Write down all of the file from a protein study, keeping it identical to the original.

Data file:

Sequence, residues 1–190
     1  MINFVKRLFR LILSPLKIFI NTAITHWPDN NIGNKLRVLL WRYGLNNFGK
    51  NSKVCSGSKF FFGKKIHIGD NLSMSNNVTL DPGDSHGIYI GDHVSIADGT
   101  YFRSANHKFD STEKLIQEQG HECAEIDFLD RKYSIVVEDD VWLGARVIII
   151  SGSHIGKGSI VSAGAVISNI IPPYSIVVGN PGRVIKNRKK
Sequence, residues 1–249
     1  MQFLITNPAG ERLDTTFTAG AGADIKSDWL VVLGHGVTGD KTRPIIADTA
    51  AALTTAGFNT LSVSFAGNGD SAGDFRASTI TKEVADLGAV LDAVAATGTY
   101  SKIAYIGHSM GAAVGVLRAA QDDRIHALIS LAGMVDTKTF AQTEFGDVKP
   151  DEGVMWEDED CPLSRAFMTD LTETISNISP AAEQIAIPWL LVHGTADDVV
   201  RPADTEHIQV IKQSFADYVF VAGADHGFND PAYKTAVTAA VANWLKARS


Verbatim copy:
Sequence, residues 1–190
     1  MINFVKRLFR LILSPLKIFI NTAITHWPDN NIGNKLRVLL WRYGLNNFGK
    51  NSKVCSGSKF FFGKKIHIGD NLSMSNNVTL DPGDSHGIYI GDHVSIADGT
   101  YFRSANHKFD STEKLIQEQG HECAEIDFLD RKYSIVVEDD VWLGARVIII
   151  SGSHIGKGSI VSAGAVISNI IPPYSIVVGN PGRVIKNRKK
Sequence, residues 1–249
     1  MQFLITNPAG ERLDTTFTAG AGADIKSDWL VVLGHGVTGD KTRPIIADTA
    51  AALTTAGFNT LSVSFAGNGD SAGDFRASTI TKEVADLGAV LDAVAATGTY
   101  SKIAYIGHSM GAAVGVLRAA QDDRIHALIS LAGMVDTKTF AQTEFGDVKP
   151  DEGVMWEDED CPLSRAFMTD LTETISNISP AAEQIAIPWL LVHGTADDVV
   201  RPADTEHIQV IKQSFADYVF VAGADHGFND PAYKTAVTAA VANWLKARS